Mulder's desire to believe was so expansive, his credulity so flexible, that it's not as though he was ever going to have either shaken from him. But Scully's surety was solid, stable, rigid; every time she saw something she thought she'd never see, we saw it crack, sparks fly from it. She was forced to question herself, grow, change. In short, she got the better arc, and her journeys were always, by dint of the setup, more intricate and moving.
Anderson's, and Traister's, and mine.

Of course, in all of these criticisms, I'm asking perfection as if it's a shame to be merely great. I just wish my Scully hadn't been as under-estimated by her writers as by the institutions they sought to villify.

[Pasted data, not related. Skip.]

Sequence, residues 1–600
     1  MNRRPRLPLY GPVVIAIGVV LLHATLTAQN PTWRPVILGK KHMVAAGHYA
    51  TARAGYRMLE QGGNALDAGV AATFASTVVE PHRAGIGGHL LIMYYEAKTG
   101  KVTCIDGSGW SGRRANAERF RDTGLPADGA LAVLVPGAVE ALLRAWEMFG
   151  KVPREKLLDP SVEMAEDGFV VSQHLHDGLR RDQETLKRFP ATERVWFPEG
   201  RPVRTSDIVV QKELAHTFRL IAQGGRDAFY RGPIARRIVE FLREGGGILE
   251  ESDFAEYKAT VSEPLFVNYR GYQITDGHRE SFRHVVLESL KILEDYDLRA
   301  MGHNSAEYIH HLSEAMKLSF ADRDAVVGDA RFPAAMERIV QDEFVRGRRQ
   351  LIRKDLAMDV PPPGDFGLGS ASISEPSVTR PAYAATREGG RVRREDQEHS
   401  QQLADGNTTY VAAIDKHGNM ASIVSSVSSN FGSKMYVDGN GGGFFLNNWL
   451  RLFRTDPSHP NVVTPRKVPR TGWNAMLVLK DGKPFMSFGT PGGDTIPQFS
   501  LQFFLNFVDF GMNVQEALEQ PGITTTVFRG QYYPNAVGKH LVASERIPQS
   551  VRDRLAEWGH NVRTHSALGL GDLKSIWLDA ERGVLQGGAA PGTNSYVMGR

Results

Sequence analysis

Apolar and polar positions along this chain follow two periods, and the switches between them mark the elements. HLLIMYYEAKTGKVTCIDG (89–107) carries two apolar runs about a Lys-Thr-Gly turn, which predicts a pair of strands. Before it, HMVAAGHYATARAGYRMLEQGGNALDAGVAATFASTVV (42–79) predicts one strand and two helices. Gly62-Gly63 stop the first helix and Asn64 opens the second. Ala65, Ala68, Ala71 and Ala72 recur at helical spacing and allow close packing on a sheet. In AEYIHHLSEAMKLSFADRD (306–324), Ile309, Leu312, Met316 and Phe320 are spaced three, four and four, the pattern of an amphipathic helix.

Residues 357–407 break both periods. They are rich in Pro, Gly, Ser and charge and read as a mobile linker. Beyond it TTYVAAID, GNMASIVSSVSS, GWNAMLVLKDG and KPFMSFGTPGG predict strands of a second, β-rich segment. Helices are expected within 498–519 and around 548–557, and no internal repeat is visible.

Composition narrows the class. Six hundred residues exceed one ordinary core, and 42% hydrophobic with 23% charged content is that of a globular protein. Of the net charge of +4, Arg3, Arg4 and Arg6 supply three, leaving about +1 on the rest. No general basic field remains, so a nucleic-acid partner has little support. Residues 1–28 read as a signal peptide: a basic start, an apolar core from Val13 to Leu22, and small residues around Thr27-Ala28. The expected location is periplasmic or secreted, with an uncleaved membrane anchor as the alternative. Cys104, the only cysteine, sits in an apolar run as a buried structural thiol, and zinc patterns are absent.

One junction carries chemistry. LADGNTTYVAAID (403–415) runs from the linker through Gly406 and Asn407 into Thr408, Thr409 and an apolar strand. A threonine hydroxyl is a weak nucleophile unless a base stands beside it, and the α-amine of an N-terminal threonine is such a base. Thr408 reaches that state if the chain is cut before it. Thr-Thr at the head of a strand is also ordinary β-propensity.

And somehow I've ended up revisiting another tradition I haven't touched in a decade - spending upwards of an hour on a Friday night talking about the X-Files online. Ahjeez.

I'm 15 again, and I'm seeing "The X-Files: I Want to Believe" in 1 day, 23 hours, 36 minutes.

UPDATE: 1 day, 23 hours, 35 minutes.

UPDATE: 1 day, 23 hours, 34 minutes...

NB: All quotes and episode titles taken from Red Wolf.

*Michael Ondaatje agrees with him and uses a nice translation.
**Let's have the discussion about what it means to be a "smart" young girl some other time.

Sneaky activism

So I've got this job. I work at a fairly large bookstore which I have nothing but contempt for, except for the part where I enjoy the work environment and get to borrow books for free.

And also except for the part where I get to passive-aggressively direct browsers to books I think they should read. The new policy, to get me through the day, is to shelve books that I don't like with only the spines facing out and to turn the ones I do like so that the whole front cover is visible. This practice does comply with proper merchandising procedures... more or less.